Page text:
Saturday, February 23, 2013

Glass Half Empty: Understanding Cloud Computing SLAs

Let's talk about Cloud SLAs - a subject that is very important, but nevertheless is frequently  misunderstood,  over-simplified, or even outright ignored.

As I write this, Windows Azure has had an "up and down" week: on Tuesday 2/19/13, Windows Azure Storage was declared the leader in Cloud Storage by an independent report. A few days later on Friday 2/22/13, Windows Azure Storage suffered a worldwide outage - which shows you what a difference a couple of days can make to cloud vendor reputations. 

Given the events of this week, it seems timely to say some things about Cloud SLAs and correct some faulty reasoning that seems prevalent.

Service Level Agreements and High Availability
A service-level agreement is a contract between IT and a business to provide a certain level of service. In an enterprise an SLA could cover many things, including availability, response time, maintenance windows, and recovery time. In today's cloud computing environments, SLAs are largely about availability (uptime). So, let's talk about high availability.

Non-technical people say they want things up "all the time". Of course they do - but that's not reality. The chart below shows the "9s" categories for availability and what that means in terms of uptime.

Availability % Downtime/year Downtime/month
90% ("one 9") 36.5 days 72 hours
99% ("two 9's") 3.65 days 7.20 hours
99.9% ("three 9's") 8.76 hours 43.8 minutes
99.95% ("three and a half 9's") 4.38 hours 21.56 minutes
99.99% ("four 9's") 52.56 minutes 4.32 minutes
99.999% ("five 9's") 5.26 minutes 25.9 seconds

The key thing to understand is that as you increase the number of 9's the expense of meeting the SLA increases dramatically. Except for very simple systems or individual components, 4 9's is extremely expensive, and not available today in the public cloud. 5 9's or better is prohibitively expensive and quite rare.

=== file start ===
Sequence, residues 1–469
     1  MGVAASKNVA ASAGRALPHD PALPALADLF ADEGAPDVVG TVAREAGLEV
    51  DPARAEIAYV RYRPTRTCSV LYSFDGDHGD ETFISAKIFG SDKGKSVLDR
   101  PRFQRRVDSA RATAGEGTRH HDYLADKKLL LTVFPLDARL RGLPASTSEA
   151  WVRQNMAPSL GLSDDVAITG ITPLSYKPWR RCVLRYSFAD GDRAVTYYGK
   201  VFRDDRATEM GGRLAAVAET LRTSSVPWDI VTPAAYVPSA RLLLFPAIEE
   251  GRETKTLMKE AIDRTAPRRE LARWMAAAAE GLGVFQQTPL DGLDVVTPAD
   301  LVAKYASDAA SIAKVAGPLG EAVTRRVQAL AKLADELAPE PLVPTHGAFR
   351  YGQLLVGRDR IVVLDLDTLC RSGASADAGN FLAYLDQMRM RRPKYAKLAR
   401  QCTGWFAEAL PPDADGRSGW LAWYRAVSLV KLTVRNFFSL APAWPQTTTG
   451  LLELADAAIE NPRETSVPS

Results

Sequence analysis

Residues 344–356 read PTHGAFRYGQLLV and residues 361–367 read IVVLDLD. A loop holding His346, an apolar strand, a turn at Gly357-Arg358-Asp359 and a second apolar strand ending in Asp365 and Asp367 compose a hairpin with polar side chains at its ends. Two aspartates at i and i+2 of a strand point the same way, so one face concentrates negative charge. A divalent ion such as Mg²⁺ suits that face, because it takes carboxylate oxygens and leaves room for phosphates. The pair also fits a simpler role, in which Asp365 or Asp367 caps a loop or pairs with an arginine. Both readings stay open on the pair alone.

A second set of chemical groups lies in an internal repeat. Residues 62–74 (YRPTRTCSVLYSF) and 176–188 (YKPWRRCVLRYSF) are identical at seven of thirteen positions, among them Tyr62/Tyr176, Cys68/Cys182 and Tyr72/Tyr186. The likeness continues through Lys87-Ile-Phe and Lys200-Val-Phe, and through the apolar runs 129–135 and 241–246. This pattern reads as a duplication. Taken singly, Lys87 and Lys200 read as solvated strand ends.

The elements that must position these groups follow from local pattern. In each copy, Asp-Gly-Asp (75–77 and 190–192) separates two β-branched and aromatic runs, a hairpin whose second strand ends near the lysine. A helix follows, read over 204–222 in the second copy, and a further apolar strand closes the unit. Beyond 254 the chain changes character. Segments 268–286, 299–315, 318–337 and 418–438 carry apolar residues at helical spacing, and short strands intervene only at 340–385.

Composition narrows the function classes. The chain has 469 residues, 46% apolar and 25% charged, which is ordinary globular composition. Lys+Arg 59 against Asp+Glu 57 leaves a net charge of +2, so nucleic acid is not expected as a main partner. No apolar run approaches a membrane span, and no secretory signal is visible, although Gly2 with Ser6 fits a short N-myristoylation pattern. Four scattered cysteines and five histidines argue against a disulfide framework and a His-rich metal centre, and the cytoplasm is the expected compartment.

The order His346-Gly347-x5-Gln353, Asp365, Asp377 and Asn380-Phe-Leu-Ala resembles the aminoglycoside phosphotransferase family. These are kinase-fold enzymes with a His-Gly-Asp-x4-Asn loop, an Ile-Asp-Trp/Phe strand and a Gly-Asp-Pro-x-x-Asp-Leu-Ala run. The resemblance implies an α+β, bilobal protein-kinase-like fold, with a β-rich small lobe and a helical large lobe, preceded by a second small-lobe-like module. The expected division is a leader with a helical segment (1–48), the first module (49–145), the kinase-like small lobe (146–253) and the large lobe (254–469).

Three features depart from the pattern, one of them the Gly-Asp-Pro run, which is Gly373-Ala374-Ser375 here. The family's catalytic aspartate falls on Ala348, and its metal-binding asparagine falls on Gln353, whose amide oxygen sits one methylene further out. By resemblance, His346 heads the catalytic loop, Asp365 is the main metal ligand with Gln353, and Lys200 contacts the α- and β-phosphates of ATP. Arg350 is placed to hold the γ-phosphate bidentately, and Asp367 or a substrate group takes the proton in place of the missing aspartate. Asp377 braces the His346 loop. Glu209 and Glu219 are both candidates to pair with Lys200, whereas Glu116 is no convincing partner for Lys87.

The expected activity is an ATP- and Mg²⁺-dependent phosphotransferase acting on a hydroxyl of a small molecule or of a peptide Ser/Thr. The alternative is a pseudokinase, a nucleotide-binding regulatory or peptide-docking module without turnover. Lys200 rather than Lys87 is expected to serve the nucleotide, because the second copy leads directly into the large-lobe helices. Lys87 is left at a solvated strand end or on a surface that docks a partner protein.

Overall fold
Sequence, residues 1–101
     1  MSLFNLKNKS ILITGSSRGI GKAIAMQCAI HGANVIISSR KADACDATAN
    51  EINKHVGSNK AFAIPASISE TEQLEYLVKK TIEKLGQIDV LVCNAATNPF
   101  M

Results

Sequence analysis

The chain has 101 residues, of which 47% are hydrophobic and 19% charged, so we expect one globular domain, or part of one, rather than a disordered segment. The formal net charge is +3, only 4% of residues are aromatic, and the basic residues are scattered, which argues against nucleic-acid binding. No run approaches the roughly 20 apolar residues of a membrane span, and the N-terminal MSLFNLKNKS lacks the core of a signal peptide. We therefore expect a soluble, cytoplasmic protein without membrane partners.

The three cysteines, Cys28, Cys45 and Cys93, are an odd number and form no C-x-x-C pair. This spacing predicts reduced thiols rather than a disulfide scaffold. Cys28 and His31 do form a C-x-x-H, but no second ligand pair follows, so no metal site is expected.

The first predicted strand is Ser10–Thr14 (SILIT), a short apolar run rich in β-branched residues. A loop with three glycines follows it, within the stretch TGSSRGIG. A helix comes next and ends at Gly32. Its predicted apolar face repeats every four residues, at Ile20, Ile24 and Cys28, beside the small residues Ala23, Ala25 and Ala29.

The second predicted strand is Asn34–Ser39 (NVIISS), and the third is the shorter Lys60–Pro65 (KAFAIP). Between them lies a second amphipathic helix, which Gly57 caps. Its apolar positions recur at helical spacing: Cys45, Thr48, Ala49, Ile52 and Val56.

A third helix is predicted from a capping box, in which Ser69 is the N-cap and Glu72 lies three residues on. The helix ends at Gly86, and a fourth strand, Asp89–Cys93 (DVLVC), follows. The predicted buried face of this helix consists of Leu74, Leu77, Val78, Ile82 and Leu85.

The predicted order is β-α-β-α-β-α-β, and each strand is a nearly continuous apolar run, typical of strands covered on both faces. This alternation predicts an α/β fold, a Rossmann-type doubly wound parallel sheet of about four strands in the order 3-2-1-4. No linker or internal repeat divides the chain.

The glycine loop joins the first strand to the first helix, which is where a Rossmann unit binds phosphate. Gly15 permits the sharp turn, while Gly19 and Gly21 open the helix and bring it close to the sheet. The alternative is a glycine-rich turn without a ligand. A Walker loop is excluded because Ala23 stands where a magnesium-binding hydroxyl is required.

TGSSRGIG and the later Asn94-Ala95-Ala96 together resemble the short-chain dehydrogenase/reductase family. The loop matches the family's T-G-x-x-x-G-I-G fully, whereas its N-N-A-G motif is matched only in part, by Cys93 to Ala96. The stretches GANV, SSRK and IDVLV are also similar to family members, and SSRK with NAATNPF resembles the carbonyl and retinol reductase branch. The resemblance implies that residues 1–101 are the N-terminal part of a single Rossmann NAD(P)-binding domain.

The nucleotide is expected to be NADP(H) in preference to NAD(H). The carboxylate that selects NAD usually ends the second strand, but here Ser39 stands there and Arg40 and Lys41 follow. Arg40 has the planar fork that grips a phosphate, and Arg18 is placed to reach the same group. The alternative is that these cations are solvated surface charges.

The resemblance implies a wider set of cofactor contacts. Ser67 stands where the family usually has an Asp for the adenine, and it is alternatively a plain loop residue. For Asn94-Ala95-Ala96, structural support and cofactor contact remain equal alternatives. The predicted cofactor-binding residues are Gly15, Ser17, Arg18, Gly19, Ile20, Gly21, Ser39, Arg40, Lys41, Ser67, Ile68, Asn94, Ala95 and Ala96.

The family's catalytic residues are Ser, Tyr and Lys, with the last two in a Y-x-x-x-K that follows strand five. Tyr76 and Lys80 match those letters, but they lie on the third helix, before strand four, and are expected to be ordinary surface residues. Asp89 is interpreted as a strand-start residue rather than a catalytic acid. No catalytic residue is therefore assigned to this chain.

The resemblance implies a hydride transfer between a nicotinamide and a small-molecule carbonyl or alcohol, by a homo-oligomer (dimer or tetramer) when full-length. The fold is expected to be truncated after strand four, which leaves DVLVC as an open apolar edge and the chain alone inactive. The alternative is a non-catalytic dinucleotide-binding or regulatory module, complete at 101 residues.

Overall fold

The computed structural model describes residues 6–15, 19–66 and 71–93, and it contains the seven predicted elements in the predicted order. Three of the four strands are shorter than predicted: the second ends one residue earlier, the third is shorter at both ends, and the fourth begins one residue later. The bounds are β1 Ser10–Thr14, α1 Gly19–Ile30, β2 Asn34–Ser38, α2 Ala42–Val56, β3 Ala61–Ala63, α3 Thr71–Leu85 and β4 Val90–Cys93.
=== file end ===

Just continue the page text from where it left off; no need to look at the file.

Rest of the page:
Typical Availability Provided in the Cloud is 99.9% to 99.95%
Cloud platforms have individual SLAs for each service. The majority of cloud services have an SLA of 3 9's (99.9%), and some computing services offer 3.5 9's (99.95%). That means, a cloud service could be down 43 minutes a month and still be within its SLA. Is that an acceptable level of service? It depends. It could be a step up for you or a step down for you depending on what SLA you're used to - what does your local enterprise deliver? Interestingly, when I ask this question of clients the answer I receive most often is, "We don't know what our current SLA is"!

Availability Interruptions Don't Play Nice
The table above might lead you to believe that outage time is somehow evenly distributed but there's no guarantee of when an outage will occur or that outages will politely schedule themselves in small pockets of time over the course of the year. A service with a 99.9% SLA could be down 10 minutes a week, but it could also be down 43 minutes a month or even 8 hours straight once a year. You should assume the worst: an outage will occur during business hours on the day you can least afford it. Most cloud SLAs measure the SLA at a monthly level and provide some recompense if it is not met.

SLAs are not guarantees. Every cloud provider has missed meeting its SLA at times.

The Subtlety of SLAs by Service: Your Cloud Service SLA is not your Solution's SLA
Nearly all solutions in the cloud use multiple cloud services (for example, a web site might use Compute, Storage, and Database services). Note that the cloud providers do not provide an SLA for your solution, only for the individual services you consume.

An easy trap to fall into is assuming the minimum SLA for the cloud services you are using translates into an overall SLA for your solution. Let's demonstrate the fallacy of that thinking. Let's say your solution makes use of three cloud services, each with a monthly SLA of 99.9%. On the first day of the month, the first cloud service has a 40-minute outage but is otherwise up the remainder of the month - its still within its SLA. Now let's say the exact thing happens on the second day of the month to the second cloud service. And then, the same thing happens on the third day with your third cloud service. None of those services has violated its SLA, but your solution has been down 120 minutes that month.